Twitter: @mgodello

Instagram: mgodello

WineAlign

Avoid the LCBO. Buy local. Support wine agents. Start now.

This public service message will be brief. My colleague and great friend John Szabo M.S. has already made the pronouncement in his weekly VINTAGES round-up over at WineAlign. I only wish to reiterate and help show you the way. Wine is woven into the fabric of our lives and the time is impressed upon us to change what, how, from where and why we make our purchases. In these unprecedented times we the people must act to plank the COVID-19 curve and we must do so together. We must stay home. We should not be making trips to the LCBO.

Related – Buyers’ Guide to VINTAGES March 21st, 2020

The LCBO is not an essential service. Their employees should not be put in the uncompromising position of working through the pandemic while their head offices remain shuttered tight. Hospitality giants choose to save lives and act as heroes by closing their doors for the common good. Even if it means going out of business. If the LCBO will not do the right thing then the people of Ontario need to act for them. The alternatives for finding booze are too numerous to count, safer and by trusting the word of writers, restauranteurs and sommeliers you will open your eyes and palates to the world class wines, beers and spirits found right here in your backyard.

Please see attached a Press Release from the Wine Marketing Association of Ontario, VQA Wines of Ontario and Wine Country Ontario announcing that over 95 Ontario VQA wineries are offering free shipping to Ontario residents, with most of them extending this offer until Easter Weekend, including April 13th, 2020.

https://www.newswire.ca/news-releases/over-95-ontario-vqa-wineries-offer-free-shipping-to-ontario-residents-870436522.html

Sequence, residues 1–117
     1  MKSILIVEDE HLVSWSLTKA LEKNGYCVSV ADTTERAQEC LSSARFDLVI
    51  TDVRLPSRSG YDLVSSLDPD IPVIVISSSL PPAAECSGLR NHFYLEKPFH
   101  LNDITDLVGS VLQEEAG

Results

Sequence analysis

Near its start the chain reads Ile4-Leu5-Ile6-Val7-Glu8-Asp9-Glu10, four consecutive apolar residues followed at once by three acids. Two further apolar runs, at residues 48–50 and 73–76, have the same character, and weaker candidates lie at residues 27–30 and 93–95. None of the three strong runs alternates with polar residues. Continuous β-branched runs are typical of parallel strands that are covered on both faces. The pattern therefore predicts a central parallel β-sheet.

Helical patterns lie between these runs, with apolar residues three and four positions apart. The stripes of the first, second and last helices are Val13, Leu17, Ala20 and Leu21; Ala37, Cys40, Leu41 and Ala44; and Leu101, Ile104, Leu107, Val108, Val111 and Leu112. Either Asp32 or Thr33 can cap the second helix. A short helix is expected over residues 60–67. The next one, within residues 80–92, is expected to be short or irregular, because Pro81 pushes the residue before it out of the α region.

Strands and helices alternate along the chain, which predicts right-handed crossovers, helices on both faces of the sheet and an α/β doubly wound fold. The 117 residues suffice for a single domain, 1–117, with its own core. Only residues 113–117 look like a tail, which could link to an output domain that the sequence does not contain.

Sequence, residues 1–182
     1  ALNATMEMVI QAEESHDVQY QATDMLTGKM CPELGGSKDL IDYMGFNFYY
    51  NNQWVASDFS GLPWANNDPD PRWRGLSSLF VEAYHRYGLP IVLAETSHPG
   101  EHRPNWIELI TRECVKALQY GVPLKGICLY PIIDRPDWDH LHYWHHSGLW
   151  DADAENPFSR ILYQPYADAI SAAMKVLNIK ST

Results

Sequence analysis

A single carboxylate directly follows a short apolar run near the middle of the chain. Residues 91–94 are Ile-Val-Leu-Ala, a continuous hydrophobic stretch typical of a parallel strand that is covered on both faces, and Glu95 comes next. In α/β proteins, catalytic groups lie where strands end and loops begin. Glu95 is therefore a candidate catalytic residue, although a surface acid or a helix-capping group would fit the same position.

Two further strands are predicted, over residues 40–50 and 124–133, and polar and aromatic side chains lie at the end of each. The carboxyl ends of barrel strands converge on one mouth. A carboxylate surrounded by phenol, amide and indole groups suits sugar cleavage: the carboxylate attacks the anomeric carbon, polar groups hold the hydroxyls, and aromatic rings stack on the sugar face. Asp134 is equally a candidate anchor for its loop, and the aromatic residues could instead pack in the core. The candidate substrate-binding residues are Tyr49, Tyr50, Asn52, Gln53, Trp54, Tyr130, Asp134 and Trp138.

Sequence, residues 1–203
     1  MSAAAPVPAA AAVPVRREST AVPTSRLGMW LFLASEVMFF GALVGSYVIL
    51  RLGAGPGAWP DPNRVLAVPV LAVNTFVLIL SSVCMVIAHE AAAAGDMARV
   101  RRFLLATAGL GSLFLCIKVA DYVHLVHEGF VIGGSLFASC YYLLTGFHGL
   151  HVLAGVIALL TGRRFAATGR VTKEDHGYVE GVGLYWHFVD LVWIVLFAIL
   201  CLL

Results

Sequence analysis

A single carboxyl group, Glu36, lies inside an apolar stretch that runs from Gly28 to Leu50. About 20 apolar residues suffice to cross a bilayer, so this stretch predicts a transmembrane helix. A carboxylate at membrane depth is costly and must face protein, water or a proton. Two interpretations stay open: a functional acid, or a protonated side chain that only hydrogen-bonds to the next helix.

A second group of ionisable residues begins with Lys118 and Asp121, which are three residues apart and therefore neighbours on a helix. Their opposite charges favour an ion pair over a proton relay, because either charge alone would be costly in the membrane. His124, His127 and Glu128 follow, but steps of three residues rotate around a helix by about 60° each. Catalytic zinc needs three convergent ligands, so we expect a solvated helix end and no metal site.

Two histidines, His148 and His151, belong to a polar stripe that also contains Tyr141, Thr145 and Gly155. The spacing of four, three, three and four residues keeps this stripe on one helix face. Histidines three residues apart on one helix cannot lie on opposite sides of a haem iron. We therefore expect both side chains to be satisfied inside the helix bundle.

Please follow this link to see this list.

https://winecountryontario.ca/wp-content/uploads/2020/03/VQA-Wineries-Free-Shipping.pdf

To see which Ontario importing wine agencies are offering free shipping on cases (and mixed cases) of wines in their portfolio from across the globe, please click here.

Related – Wine Agents Offering Free Shipping in Ontario

One more thing. During these suffocating, devastating and potentially bankrupting times for the local hospitality industry it would be a business-saving adjustment if our restaurants could sell wine and beer to go along with their take-out and delivery sales. Please sign the petition to lobby our politicians.

Related – Allow Ontario Restaurants to include wine, beer, cider, spirits in take-out & deliveries

Good luck to all, stay inside, stay healthy and stay safe. I am looking forward to sharing a lesser distancing glass of wine with each and every one of you when we all emerge together, better than we were before, on the other side.

Good to go!

godello

Twitter: @mgodello

Instagram: mgodello

WineAlign

To Chardonnay and beyond

Every stop is neatly planned for a poet and a one man band, but #i4c Sunday @ravinevineyard is always #homewardbound

A week out and ahead of the greatest Rock ‘n Roll chardonnay weekend around it seems apropos to preview i4c, the Niagara Peninsula’s International Cool Climate Chardonnay Celebration. Imagine Coachella, Collisioni and Glastonbury rolled into one big weekend of tasting chardonnay. Sort of. Equating chardonnay to infinity also seems relatively appropriate because the great white, genetically superior grape is in fact the world’s most planted white variety somewhere in the vicinity of 500,000 acres and counting.